Food production – which produces damaging greenhouse gases from livestock, ruins enormous swathes of forests and uses unsustainable amounts of water.
Experts argue that cutting meat consumption is one obvious way that citizens can do their bit for the climate
Livestock farming poses a triple threat to Earth's atmosphere, as animals produce huge amounts of the greenhouse gas methane, coupled with the loss of carbon-absorbing forests that are felled to accommodate their grazing areas.
The world must drastically reduce its meat consumption in order to avoid devastating climate change, scientists said Wednesday in the most thorough study so far on how what we eat affects the environment.
As humanity grapples with tough choices to offset a rapidly heating planet, the research suggests that the Western world would need to slash its meat intake by 90 per cent to avoid crippling Earth's ability to sustain an anticipated 10 billion people by 2050.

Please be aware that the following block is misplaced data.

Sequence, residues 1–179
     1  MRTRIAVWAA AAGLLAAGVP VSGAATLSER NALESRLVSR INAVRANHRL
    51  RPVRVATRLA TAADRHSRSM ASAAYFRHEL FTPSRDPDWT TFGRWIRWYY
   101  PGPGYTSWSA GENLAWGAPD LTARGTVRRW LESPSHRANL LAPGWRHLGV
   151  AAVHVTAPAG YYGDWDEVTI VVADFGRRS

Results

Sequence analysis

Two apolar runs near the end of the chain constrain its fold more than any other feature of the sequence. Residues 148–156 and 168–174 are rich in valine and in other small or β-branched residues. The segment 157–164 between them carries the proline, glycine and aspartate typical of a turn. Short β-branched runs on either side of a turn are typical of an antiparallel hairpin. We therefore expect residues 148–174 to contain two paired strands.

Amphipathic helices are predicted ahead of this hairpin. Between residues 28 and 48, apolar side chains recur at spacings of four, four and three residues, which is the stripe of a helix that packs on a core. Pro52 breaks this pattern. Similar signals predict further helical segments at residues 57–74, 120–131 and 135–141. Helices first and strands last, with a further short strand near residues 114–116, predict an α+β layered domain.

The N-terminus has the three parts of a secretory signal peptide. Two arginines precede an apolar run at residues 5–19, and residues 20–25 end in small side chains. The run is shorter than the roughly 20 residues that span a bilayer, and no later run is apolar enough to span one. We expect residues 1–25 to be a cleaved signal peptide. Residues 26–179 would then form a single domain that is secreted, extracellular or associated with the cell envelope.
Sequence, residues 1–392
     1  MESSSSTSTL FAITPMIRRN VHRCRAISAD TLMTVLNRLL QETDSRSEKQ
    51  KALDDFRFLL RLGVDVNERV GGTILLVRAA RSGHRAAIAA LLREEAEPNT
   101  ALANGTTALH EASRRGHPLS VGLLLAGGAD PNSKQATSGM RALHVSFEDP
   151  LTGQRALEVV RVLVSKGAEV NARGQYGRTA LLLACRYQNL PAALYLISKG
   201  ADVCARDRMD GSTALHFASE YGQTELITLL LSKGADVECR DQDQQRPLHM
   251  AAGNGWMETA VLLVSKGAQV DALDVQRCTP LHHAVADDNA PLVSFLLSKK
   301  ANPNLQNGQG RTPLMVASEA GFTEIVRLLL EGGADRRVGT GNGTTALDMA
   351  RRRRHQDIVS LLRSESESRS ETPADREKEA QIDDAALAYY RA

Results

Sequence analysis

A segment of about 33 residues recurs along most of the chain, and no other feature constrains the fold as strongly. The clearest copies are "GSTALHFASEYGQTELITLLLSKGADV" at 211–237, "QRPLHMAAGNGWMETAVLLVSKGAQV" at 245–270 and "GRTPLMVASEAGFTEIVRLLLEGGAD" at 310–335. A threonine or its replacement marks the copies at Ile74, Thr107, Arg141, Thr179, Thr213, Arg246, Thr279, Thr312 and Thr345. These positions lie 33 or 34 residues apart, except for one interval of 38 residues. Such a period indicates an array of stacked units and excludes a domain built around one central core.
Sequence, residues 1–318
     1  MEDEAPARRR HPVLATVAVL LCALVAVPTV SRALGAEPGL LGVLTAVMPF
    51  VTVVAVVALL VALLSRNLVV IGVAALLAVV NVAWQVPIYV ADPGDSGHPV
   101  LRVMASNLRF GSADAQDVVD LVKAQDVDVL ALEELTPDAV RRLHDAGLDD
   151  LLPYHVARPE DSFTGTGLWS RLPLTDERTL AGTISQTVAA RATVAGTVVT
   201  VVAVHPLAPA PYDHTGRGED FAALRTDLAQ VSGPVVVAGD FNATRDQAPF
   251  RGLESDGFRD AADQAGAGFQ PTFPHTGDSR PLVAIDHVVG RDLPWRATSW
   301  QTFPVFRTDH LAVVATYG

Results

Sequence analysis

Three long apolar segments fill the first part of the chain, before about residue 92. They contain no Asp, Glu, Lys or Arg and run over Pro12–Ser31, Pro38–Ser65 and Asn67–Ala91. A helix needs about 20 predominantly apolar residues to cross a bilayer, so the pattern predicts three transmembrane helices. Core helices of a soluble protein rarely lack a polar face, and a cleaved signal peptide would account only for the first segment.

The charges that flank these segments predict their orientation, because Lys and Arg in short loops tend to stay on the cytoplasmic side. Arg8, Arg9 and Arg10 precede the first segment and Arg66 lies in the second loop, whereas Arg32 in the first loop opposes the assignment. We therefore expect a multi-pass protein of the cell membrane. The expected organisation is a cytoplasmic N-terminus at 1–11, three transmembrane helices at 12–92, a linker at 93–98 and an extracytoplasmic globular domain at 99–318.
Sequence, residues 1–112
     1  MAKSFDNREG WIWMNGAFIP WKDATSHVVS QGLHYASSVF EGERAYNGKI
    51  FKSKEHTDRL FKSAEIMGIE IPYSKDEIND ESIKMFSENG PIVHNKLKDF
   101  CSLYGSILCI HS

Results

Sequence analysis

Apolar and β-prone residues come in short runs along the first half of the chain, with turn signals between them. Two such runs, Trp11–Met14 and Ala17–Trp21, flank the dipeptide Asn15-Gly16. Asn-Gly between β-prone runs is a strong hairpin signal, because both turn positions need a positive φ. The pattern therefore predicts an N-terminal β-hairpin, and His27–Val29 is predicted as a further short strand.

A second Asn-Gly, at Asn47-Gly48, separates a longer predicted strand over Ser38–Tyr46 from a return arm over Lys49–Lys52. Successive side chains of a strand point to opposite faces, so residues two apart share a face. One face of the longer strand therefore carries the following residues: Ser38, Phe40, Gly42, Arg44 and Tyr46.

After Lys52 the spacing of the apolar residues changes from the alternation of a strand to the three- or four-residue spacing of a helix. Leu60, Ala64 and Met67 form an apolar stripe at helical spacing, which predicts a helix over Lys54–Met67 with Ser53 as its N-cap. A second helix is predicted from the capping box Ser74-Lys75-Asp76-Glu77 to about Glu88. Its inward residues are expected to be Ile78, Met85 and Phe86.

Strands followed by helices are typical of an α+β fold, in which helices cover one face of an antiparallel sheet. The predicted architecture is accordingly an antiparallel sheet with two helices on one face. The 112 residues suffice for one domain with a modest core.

Food production – which produces damaging greenhouse gases from livestock, ruins enormous swathes of forests and uses unsustainable amounts of water – is a major contributor to climate change.
A study published Wednesday in the journal Nature offers the most comprehensive look yet at just how bad intensive agriculture is for the planet.
Without a huge drawdown in the amount of meat consumed, its authors said, the food industry's already vast impact on the environment could increase by as much as 90 per cent by mid-century.
That coupled with a sharp projected rise in global population would devastate mankind's ability to effectively feed itself – and dash any realistic hope of curbing runaway global warming.
The scientists called for a "global shift" towards more plant-based diets, slashing food waste and improving farming practices with the aid of technology to cope with the burden.